Garden for the Bishop’s House is a remarkable study in volcanic rock and the creation of ambiences with the use of vegetation and stone walls. The latter is used to emphasise the enclosed ambient and to add elements of surprise. In this small space, visitors can be immersed in the world of microcosmos, the structure of the volcanic rock where the surface has already started to change due to weather conditions and use. Carefully selected plants are starting to spread out, over and in between the dark stones, and moss is becoming a part of this beautiful pavement. Modest means were used to create this mesmerising garden. A bit like a meaningful haiku, Bishop’s House garden will give you goosebumps in very few words.
The jury also appreciated the reference to Thomas Church, whose legendary Donnell Garden inspired the kidney-shaped pool. Beautifully alienated in colour, materiality, form and embedding a reference to another time, it appears as if the designers were intentionally dealing with the contradiction of the swimming pool rather than the swimming pool itself. A very mature and precise statement!See all LILA recognitions 2016 -
The project is for a small lodge, catering for guests going to see the Mountain Gorillas at the nearby Volcanos National Park. The site is set within the residential zone of Runergheri town with issues of large houses overlooking the site as well as unsightly views looking onto various houses and tin roofs. It was very evident that we need to create an inward-looking design and create a series of courtyards to create intimate and private spaces.
The designed spaces consist of a main area around the new pool, some private courtyards, vegetable garden and the new parking and entrance into the old hotel. The client asked us to do a kidney shaped pool which is very hard to get right without the lines looking and feeling clumsy. We studied at great length Thomas Church and identified that the negative spaces created by the curves of the pool where as important as the shape itself. I’m some ways we hope our design is simple enough to create a calming pool, especially since it is placed within the heart of the design.
Large long steps lead up the restaurant and these are planted with the fast growing and light shade trees, Policais fulva. Next to the old renovated house we created a series of private courtyards for the ground floor rooms. Embracing high courtyard walls and intimately planted spaces our idea was to create calming spaces celebrating the local volcanic stone and the lush green of the highland vegetation.
As with all of our projects we always start with researching and exploring the local hardscape materials and the local plant pallet to understand what we can use to formulate the project to ensure it feels rooted and has a strong sense of identity which is closely linked to the sense of place, and ensure our proposal is sensitive to the nature of the site. Being surrounded by volcanos the common building stone is of course volcanic stone. The stone itself is relatively soft and can be both hand dressed and machine cut. Our exploration into the materials is a key and important part of the project.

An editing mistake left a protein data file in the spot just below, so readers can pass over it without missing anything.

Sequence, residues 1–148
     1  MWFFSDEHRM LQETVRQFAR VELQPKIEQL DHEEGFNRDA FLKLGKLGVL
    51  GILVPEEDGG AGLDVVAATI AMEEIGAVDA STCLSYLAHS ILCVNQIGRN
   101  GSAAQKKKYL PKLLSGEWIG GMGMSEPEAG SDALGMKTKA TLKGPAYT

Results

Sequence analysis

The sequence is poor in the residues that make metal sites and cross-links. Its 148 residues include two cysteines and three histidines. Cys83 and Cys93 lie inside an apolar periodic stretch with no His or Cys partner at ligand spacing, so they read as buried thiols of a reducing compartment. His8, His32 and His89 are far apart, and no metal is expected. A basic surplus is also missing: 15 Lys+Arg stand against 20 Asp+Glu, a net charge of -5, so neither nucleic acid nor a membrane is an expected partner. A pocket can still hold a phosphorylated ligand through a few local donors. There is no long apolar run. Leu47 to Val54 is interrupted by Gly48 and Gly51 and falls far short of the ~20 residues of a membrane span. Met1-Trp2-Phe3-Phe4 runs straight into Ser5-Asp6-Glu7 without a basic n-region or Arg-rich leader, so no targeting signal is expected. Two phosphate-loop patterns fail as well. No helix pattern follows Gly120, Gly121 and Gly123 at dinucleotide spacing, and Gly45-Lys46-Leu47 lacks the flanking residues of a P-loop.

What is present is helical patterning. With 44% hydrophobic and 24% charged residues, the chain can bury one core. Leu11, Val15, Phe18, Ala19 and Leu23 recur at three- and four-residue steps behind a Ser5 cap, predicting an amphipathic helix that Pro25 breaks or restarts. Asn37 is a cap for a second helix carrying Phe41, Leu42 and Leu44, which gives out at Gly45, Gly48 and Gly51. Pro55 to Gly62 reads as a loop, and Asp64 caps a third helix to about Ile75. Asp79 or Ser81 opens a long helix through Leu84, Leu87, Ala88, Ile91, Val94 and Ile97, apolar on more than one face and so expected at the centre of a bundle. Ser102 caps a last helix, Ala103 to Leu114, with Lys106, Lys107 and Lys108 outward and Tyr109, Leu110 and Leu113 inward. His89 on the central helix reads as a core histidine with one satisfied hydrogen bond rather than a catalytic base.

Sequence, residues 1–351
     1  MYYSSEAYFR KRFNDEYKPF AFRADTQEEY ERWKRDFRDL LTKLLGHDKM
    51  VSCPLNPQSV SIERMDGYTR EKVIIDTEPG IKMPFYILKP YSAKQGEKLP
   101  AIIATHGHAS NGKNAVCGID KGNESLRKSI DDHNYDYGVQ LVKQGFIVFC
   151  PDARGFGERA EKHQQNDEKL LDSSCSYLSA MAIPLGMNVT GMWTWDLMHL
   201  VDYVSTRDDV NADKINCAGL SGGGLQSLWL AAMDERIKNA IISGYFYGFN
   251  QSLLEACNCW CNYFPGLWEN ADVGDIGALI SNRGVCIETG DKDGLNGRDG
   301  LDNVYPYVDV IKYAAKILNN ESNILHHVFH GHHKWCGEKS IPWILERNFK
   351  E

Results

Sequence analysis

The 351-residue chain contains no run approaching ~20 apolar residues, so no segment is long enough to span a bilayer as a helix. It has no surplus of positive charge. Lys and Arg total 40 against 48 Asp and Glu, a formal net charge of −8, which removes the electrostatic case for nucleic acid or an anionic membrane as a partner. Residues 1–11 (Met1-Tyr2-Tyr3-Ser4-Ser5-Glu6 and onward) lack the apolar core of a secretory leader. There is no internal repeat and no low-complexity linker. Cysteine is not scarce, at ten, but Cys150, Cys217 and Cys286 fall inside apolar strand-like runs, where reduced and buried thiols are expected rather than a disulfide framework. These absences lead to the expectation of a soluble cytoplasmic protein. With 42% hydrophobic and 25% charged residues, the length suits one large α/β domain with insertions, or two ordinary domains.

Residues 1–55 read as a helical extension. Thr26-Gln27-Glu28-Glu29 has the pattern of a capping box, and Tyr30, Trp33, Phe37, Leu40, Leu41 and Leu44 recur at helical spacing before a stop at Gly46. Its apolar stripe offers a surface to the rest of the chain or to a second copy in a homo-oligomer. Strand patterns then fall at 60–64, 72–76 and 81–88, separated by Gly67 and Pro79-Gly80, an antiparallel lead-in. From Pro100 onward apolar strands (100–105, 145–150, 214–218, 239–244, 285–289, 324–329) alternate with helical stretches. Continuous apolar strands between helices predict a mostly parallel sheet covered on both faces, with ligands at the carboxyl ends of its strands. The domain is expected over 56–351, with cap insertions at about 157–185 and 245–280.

Since we are in a location with very high altitude and high rainfall it was important that all of our hardscape solutions where permeable so all are laid in sand. The nature of the volcanic stone, which is naturally porous also means that various mosses are starting to colonise the stone. The natural co-existence of our intervention and the colonising plants is an important and successful attribute to the careful consideration behind the build-up of the hardscape.
With planting, we focused on two-phased planting. Long term we have re-forested the property using faster growing indigenous pioneer species found in the Volcanos National Park forest. Eventually, these trees will form the Privacy planting ensuring the spaces the guests are using: the pool area, the restaurant terrace and the private garden courtyards still maintain their privacy and importantly feel like they belong to the forest the guests have come to experience. The key ecological advantage is that we are re-introducing native forest to the urban zone and in doing so improving the ecology of the site.
Short term, we explored the local area in and around Ruenhgeri. Rwanda is very highly populated and most of the steep slopes of the country are heavily farmed. Bananas play an important agricultural role and have a wonderful advantage in that they grow tall fast, as very easy (and cheap) to procure and within a garden setting have a strong structural form. They also offer guests an amazing experience where they can sit and enjoy the sound of the wind moving through the leaves, observe and enjoy the fruit and truly feel like they are deep in the heart of Africa. We felt they would be a strong plant to use as a key screening plant and equally contribute to a strong sense of identity to the new gardens at Bishop’s House. Together with the indigenous forest layer, and the agriculturally inspired planting we use a variety of plants suited to the highland conditions.
Architecture offices involved in the design: DMJ Architects
Project location (For publicly accessible projects please include the exact address. For Private gardens place write Country or State): Ruengheri, Rwanda
Design year: Phase 01 (2017), Phase 02 (2019)
Year Built: Phase 01 (2018), Phase 02 (2019)